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Social media alert: How to remain compliant

The use of social media among advisors is accelerating, and FINRA and the SEC are paying attention.

In early 2019, the SEC released a risk alert regarding advisor use of instant messaging, email and social media. It reminds advisors of the obligations they are under to maintain records of their online business communications.

There’s a huge incentive for advisors to maintain a social media presence.

Social media helps firms and advisors distinguish their brand, provide quick customer service, gain competitive intelligence, and stay ahead of trends, according to research conducted by Smarsh, a financial archiving firm. In fact, the amount of advisors reporting a gain in business through social media reached 92% in 2018, up from 49% in 2013, according to Putnam Investments. In the same time period, personal and business use of social media by advisors increased 10 basis points from 73% to 83%.

However, FINRA and the SEC have published a number of regulatory notices and compliance guidelines that complicate the use of social media for business purposes.

“I’ve been flagged three times [for tweeting] by FINRA, and have had to pay a fine,” says Jon Ten Haagen, advisor at Ten Haagen Financial Group. “Over time you learn what they are looking for and avoid those words, or phrases or topics.”

Developing a social media strategy ahead of time will help firms and advisors meet these obligations while also reaping the benefits of social media exposure.

What follows are the requirements advisors must meet, and tips on how to do so.

Recordkeeping responsibilities:
For any message — from snail mail to a tweet — related to its business, a firm must create a duplicate and archive it. While it’s up to each individual firm to decide what constitutes a business communication, all firms must train their advisors on how to retain these documents.
Personal communication:
Not everything an advisor or firm shares is subject to the recordkeeping mandate. Personal information, or posts about business activities outside the realm of its products or services do not need to be archived. This includes vacation photos, or a notification about a company’s upcoming charity outing.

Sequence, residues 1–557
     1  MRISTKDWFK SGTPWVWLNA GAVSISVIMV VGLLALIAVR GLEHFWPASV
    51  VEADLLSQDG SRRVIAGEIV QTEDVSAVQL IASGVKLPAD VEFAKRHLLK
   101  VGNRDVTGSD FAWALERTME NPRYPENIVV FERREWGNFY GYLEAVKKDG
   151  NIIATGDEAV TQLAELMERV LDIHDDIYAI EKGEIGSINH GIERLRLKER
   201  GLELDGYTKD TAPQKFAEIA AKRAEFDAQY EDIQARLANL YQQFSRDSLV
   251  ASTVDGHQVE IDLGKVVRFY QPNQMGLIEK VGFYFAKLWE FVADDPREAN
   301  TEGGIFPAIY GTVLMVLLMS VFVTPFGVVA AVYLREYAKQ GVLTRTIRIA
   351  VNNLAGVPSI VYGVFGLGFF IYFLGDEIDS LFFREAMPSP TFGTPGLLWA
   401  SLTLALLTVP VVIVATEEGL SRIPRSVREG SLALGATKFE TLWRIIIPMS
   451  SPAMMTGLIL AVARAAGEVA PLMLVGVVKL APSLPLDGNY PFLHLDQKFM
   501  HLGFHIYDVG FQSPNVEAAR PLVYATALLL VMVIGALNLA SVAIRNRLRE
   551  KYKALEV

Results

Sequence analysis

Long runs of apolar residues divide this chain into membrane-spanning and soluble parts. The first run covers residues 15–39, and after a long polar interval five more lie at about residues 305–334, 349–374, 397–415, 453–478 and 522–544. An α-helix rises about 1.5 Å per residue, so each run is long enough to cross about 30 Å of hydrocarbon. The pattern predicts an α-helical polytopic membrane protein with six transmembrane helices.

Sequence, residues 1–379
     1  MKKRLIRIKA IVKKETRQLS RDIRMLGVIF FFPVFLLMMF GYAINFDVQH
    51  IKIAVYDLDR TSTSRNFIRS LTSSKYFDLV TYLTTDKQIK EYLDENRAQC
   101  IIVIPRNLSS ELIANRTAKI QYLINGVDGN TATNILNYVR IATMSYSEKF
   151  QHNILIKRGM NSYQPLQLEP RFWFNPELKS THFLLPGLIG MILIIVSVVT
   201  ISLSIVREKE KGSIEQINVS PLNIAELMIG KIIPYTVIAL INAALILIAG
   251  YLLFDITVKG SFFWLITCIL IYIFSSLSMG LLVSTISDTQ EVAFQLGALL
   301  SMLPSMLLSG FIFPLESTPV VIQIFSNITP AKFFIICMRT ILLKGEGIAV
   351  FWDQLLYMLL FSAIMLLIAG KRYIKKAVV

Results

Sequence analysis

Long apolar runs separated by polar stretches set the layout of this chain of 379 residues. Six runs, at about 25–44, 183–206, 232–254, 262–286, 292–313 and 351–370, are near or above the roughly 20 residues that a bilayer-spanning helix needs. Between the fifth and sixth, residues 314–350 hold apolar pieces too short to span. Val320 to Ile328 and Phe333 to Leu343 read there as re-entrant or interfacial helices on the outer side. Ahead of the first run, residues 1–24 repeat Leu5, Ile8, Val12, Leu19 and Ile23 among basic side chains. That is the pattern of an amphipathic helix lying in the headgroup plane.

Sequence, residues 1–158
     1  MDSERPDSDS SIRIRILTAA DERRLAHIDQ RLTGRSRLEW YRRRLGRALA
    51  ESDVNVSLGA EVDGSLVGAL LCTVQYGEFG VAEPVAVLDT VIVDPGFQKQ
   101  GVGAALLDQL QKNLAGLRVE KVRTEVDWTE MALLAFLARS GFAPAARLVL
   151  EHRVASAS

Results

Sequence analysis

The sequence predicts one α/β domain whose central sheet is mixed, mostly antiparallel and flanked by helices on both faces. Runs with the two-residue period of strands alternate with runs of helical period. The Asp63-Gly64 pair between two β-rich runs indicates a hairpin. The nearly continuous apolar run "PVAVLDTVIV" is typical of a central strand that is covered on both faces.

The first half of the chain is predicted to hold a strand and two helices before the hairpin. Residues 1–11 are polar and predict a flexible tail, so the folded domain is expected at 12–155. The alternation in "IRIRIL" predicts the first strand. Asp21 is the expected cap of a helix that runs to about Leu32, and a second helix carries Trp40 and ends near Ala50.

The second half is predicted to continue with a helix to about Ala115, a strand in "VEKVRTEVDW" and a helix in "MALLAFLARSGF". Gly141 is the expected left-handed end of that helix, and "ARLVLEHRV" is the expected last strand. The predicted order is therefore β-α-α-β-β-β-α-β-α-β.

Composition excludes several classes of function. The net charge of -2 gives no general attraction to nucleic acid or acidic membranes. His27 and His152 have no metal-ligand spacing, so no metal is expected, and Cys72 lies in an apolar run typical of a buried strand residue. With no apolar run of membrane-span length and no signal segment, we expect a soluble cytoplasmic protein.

Third-party content:
What if someone posts a review on a business’ profile?

Generally, unsolicited comments made by customers, competitors or any third party outside the company are not considered business communications, and are therefore not subject to regulatory oversight. That is, unless a firm or advisor pays for, prepares, controls, or endorsed the content.
Firms may not link to any website that promotes or publishes false content. If linking to a site, firms must ensure the content complies with the communications rules that prohibit misleading information.
Endorsements and testimonials:
Although it only takes one click, liking or sharing a comment is equivalent to an endorsement, and is subject to regulatory compliance. These posts must be approved and archived.
Create and implement a policy:
A useful social media policy should determine what knowledge to broadcast, when to post, and who will oversee the firm’s social media activity. This policy should be flexible to account for changes to the online landscape, as well as the introduction of new communication platforms. Firms should also implement the most up-to-date regulatory guidance to ensure they remain in compliance.
Advisors need to know a firm’s official social media policy, and receive ongoing training on how to use these rapidly changing platforms. The compliance team should place emphasis on:

  • Personal versus business communication
  • What are the consequences for violating the written rules
  • Which social media posts need to be approved prior to posting
  • Which posts need reviewing after being posted
  • How to manage third-party social media accounts
Supervise and archive:
Perhaps the most significant role of the compliance team is to evaluate and approve each post. This includes tracking the lifecycle of each social media message, including the exact date and time it was created or deleted, and ensuring that a post meets regulatory standards.

If a message is flagged during a review, the compliance team should record the precise actions taken during this process.